Saturday, June 29, 2013

Architecture & Perception: Brady vs. Wright

A common frustration among architects is that the public really doesn't understand who we are, what we do, or recognize our value to society. I hear it frequently, most recently at the American Institute of Architects's national convention. I don't ever recall hearing a reason for this poor public perception but I've come up with one that I think is plausible, in America at least. I contend that we know about most trades and professions from our interactions with the tradesmen and professionals. Most of us have had to call a plumber, hire a carpenter, or retained a lawyer. We've had close interaction with some professionals such as teachers but most have had no interaction with an architect. To fill that void we naturally defer to popular media - books, television, and movies. Even there, architects are scarce.  Two architects, however who everyone knows, Mike Brady and Frank Lloyd Wright, are largely responsible of our perception of who architects are, what they do, and their value to society. This post explores the connection between architecture and perception, as perpetuated by Brady and Wright. Let's begin this exploration.

Mike Brady
Brady House
Brady House interior
Here's the story of a man named Brady.....  Of course Mike Brady is one of the fictional lead characters on the wildly popular Brady Bunch television show which ran from 1969-1974. The show followed Mr. Brady and his new bride Carol through the highs and lows of daily life within the context of their blended family. Here are some things that we learned about architects from Mr. Brady. First of all, we learned that architects work "banker's hours". Like clockwork Mr. Brady walked into the kitchen and gave Carol a peck on the cheek, arriving just in time for dinner. Second, we learned that architects are financially well off. Mr. Brady was able to provide a nice house in the suburbs for he, Carol and their six children. Carol had no need to work and was able to hang around the house and chat with Alice, the live-in maid. Third, we confirm the perception that architects are on the cutting edge of fashion. The digs, the threads...all groovy! Finally we got an image of what true architecture is, by looking at Mike Brady's only known work, his personal house. See the following images. I think they speak for themselves!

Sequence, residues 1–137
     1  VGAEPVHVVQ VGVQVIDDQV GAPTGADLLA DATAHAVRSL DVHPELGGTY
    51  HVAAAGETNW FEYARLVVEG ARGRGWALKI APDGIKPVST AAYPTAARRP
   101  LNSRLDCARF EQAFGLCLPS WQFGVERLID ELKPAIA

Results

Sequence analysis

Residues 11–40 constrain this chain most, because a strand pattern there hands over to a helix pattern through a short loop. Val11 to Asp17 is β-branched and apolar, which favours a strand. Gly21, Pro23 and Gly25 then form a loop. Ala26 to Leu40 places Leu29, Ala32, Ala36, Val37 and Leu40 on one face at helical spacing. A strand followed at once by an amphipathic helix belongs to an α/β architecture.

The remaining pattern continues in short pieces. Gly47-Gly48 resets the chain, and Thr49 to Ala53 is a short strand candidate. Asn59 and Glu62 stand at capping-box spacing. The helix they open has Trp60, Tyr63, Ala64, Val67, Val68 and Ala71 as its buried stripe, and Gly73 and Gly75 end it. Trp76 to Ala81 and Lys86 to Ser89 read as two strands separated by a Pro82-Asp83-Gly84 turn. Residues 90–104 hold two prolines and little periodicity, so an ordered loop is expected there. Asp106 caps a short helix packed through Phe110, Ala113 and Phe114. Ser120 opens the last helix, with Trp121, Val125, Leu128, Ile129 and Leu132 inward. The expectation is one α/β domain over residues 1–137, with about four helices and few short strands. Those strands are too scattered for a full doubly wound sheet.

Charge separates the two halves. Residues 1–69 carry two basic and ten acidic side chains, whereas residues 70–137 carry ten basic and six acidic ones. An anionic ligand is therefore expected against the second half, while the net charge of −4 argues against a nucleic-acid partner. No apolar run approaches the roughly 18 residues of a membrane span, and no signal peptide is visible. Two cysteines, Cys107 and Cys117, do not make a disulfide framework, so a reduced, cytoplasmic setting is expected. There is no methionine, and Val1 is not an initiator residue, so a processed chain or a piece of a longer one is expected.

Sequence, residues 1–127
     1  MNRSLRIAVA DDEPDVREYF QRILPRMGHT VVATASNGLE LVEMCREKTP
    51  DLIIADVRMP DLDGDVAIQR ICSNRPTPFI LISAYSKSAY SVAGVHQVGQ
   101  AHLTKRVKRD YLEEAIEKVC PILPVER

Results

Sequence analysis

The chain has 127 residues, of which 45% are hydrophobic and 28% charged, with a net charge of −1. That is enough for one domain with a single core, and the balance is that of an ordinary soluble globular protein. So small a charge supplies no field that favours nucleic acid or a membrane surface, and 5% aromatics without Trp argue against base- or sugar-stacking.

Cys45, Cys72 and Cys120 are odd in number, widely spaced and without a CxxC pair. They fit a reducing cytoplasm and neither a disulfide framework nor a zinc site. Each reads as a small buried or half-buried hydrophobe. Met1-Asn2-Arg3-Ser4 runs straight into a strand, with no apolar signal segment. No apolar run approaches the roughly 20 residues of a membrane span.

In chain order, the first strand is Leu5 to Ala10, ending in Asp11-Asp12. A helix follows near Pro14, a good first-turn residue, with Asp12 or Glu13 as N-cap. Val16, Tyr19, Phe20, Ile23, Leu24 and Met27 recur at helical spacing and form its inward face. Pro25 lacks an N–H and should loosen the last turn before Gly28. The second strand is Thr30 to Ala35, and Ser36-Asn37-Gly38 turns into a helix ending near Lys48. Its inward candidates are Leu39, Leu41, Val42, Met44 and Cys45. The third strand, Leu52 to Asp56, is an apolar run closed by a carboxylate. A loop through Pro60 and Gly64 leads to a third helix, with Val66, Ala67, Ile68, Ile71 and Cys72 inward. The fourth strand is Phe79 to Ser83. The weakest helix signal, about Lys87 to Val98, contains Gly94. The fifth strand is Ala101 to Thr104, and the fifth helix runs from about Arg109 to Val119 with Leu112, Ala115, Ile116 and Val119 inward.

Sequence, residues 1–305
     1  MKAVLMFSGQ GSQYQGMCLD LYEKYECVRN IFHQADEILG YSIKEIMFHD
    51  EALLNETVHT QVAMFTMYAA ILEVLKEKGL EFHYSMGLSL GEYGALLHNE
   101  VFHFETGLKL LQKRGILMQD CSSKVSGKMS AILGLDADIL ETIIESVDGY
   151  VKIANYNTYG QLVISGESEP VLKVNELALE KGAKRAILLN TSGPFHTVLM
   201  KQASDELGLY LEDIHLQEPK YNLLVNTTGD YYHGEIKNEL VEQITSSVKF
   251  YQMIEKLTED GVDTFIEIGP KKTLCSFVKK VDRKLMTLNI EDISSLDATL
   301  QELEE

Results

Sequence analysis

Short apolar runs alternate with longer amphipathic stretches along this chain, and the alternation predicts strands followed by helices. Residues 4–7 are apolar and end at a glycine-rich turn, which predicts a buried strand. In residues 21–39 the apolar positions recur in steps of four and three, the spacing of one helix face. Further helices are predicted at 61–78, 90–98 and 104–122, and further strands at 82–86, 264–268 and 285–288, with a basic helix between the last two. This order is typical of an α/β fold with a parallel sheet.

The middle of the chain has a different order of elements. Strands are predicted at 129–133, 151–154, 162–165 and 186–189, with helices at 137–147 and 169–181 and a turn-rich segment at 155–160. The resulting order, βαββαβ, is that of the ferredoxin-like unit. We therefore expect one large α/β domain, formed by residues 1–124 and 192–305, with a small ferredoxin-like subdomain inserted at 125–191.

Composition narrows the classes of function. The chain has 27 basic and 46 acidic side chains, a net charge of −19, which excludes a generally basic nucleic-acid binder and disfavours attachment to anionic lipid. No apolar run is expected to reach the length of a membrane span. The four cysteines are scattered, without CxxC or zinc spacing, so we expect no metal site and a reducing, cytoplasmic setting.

Frank Lloyd Wright
Wright's Home & Studio
Wright's Studio Interior
The story of Frank Lloyd Wright was largely produced by Wright himself, beginning with his shameless self-promotion in his early autobiography, which continued in written works and interviews throughout his life. When it comes to Wright, it has always been difficult to separate fact from fiction. Here are a few perceptions about architects that we've gleamed from Wright.  First, we learned that architects are in a perpetual state of design and construction. Wright surrounded himself with apprentices in a commune-like existence he called his Fellowship. There they worked the land, studied the applied arts, and (most significantly) cranked out the vast majority of works that we attribute to Wright. Second, we discovered that architects lived an extravagant lifestyle. Wright was as well known for his lavish spending as he was for his moral lapses. Third, we learn that architects are obsessed with their image. Wright's larger-than-life personality was reinforced by his long silver hair, pork pie hats, and flowing capes. Finally, Wright left us with a complete portfolio to reveal what true architecture is.  From his early Home & Studio in Oak Park to the Guggenheim Museum in Manhattan, his work was and continues to be, awe inspiring.

Okay. Now we have a few things to consider with regard to the commonly held perceptions of architects. Brady and Wright don't really seem to have much in common and certainly don't fit the image of any architects that I know. The true persona of the architect really lies somewhere between the perceptions promulgated by these two representatives. Architects (at least the good ones) work longer and harder than other professionals. We run deadline driven practices and extended hours are just part of it. In light of this, many architects complain about their meager compensation. Few can live lavishly or have full time maids, but I'm not convinced we have it all that bad. Look around. I have to admit that most of us are fashion conscious, even if we can't wear a pork pie hat and pull it off. Finally, the public does not have to look far to see "architecture". We are responsible for much of our built environment, some of it good and some of it bad, a little of it really good and a little too much of it worse than bad.

Ironically, though Frank Lloyd Wright was a real architect, he is clearly more of "character" than Mike Brady. Wright's success was seeded in his genius (I'm sure he would agree!) We will look at the connection between architecture and genius next time, in the post We've Been Waiting for You.